May/Jun 2000

Welcome to issue #17 of Tape Op.


Welcome to Tape Op #17. 

Recently someone asked me why we ran interviews with artists, especially if they didn't have any real technical knowledge to impart about the recording process. Well, what would we be recording if it wasn't for artists and their music? The level of involvement that a songwriter/band/composer takes in the recording process can be very enlightening. Some artists want producers and engineers to handle as much of the recording as possible. Others want their hands on the faders the whole time. It's enlightening to see how different people work in the studio, and that's what TAPE OP is all about. I hope you agree. If there are things that you want to read about, let us know, and if you'd like to write for our magazine, get in touch! 

Larry Crane

— Larry Crane, editor

In This Issue See more →

Recording Drums.

by Darron Burke

Setup/Getting sounds When I first started recording I used wonder how long I was supposed to take when setting up and getting drum sounds. Sometimes it took one or two hours, and other times it...


Columns See more →

End Rant


by Larry Crane

As long as I have been involved in music I've had a healthy respect for women who are part of the music community. Most of the bands I've ever been in had female musicians, I've trained women...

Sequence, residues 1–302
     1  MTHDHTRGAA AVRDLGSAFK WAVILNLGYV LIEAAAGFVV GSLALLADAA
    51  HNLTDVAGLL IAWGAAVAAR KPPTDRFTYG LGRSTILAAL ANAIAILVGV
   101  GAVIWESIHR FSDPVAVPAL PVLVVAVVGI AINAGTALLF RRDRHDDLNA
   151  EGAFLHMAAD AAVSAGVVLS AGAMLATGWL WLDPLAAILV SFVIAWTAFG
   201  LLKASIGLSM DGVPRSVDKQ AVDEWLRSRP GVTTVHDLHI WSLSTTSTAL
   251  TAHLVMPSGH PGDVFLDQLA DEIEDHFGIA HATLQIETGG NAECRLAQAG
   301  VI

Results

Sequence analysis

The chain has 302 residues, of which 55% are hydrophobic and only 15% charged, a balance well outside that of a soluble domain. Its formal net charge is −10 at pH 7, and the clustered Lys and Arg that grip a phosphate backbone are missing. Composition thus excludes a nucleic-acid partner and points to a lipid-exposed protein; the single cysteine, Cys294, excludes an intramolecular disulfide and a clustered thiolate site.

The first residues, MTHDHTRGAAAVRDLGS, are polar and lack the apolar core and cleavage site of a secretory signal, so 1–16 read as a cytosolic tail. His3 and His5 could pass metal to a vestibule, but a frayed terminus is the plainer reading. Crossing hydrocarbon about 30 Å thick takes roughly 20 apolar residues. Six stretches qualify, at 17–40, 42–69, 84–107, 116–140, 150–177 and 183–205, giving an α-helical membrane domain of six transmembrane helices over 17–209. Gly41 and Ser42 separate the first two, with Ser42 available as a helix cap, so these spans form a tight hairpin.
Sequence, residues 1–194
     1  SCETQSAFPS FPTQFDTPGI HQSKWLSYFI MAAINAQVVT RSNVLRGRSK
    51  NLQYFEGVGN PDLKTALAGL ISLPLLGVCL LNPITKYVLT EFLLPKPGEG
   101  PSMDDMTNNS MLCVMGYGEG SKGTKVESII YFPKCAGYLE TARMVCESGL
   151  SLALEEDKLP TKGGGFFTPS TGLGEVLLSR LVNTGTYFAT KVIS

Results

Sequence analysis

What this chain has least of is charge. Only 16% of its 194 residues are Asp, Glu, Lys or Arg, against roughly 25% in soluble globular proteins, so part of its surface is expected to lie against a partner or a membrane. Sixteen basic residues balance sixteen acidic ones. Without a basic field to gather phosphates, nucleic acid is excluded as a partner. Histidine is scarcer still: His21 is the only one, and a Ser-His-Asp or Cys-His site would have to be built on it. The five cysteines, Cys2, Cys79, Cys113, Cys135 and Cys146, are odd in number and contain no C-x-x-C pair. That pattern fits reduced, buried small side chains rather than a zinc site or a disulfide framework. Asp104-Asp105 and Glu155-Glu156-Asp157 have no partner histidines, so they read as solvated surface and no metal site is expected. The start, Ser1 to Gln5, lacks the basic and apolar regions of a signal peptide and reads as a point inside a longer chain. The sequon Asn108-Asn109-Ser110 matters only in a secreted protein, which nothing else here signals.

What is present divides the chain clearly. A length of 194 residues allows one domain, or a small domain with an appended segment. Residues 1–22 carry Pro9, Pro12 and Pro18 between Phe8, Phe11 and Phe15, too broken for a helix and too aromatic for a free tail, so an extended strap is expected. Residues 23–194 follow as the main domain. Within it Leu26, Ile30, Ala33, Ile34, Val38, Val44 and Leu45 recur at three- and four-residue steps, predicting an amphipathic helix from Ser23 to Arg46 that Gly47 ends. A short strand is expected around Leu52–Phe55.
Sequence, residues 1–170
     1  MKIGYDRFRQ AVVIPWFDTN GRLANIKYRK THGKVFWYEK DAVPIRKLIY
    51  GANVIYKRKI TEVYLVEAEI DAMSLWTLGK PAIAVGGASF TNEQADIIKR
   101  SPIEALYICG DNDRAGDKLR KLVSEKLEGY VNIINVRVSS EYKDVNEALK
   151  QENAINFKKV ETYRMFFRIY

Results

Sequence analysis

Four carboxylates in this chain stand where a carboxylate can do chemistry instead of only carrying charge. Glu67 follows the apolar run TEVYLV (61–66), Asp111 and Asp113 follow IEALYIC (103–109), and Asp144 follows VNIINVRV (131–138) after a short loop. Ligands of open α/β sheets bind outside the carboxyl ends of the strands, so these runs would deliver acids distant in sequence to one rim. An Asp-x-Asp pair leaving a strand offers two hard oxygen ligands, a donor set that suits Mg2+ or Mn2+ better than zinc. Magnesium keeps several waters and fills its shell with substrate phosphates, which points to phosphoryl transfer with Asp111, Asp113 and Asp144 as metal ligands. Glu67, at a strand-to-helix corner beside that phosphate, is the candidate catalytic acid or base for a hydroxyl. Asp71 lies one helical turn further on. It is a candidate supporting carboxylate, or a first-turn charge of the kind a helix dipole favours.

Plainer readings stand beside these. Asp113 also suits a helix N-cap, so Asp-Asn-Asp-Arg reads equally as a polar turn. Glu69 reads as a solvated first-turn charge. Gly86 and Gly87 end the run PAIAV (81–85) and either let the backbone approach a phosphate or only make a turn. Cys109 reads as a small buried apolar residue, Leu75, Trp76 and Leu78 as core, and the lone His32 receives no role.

Gear Reviews See more →

The MIDI Drummer

by David Crigger  |  reviewed by Leigh Marble

This low-budget publishing effort manages to give a solid introduction to MIDI drumming. It covers nothing too advanced, especially given the expansion of MIDI options since 1987, but if you're a...

U-99 Microphone

by Soundelux  |  reviewed by John Botch

I am really lucky because a very good friend of mine gave me his vintage Neumann U-67 to use on one of those indefinite loan kind of deals. It really does sound fantastic, and I use it all the time....

U8 USB Digital Studio

by Roland  |  reviewed by Barry Rudolph

The U8 comes at a time when recording into a computer seems so non-tactile... operating the "tape deck" and punching in with a mouse doesn't quite work for me in the music making/recording process....


Tape Op is a bi-monthly magazine devoted to the art of record making.

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